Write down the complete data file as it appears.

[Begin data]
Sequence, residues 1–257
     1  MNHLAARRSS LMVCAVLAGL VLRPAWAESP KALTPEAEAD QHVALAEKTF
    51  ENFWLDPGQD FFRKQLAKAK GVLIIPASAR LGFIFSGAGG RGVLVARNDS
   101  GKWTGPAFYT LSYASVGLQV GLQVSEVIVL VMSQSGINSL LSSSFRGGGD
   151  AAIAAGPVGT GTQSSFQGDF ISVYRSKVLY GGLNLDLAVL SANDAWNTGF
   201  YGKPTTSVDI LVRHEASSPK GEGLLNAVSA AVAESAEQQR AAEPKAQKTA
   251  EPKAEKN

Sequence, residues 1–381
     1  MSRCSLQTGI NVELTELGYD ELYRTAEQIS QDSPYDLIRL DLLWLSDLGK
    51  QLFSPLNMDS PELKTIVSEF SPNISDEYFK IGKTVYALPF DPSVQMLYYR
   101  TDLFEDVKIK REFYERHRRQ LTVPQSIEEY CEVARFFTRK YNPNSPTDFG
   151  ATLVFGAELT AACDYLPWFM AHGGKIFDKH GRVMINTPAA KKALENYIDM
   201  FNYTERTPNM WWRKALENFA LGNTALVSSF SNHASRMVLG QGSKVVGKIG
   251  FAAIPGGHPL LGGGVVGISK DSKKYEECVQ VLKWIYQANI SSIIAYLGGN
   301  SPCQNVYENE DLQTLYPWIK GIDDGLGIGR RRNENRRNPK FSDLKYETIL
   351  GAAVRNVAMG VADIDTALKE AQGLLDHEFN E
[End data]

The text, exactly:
Sequence, residues 1–257
     1  MNHLAARRSS LMVCAVLAGL VLRPAWAESP KALTPEAEAD QHVALAEKTF
    51  ENFWLDPGQD FFRKQLAKAK GVLIIPASAR LGFIFSGAGG RGVLVARNDS
   101  GKWTGPAFYT LSYASVGLQV GLQVSEVIVL VMSQSGINSL LSSSFRGGGD
   151  AAIAAGPVGT GTQSSFQGDF ISVYRSKVLY GGLNLDLAVL SANDAWNTGF
   201  YGKPTTSVDI LVRHEASSPK GEGLLNAVSA AVAESAEQQR AAEPKAQKTA
   251  EPKAEKN

Sequence, residues 1–381
     1  MSRCSLQTGI NVELTELGYD ELYRTAEQIS QDSPYDLIRL DLLWLSDLGK
    51  QLFSPLNMDS PELKTIVSEF SPNISDEYFK IGKTVYALPF DPSVQMLYYR
   101  TDLFEDVKIK REFYERHRRQ LTVPQSIEEY CEVARFFTRK YNPNSPTDFG
   151  ATLVFGAELT AACDYLPWFM AHGGKIFDKH GRVMINTPAA KKALENYIDM
   201  FNYTERTPNM WWRKALENFA LGNTALVSSF SNHASRMVLG QGSKVVGKIG
   251  FAAIPGGHPL LGGGVVGISK DSKKYEECVQ VLKWIYQANI SSIIAYLGGN
   301  SPCQNVYENE DLQTLYPWIK GIDDGLGIGR RRNENRRNPK FSDLKYETIL
   351  GAAVRNVAMG VADIDTALKE AQGLLDHEFN E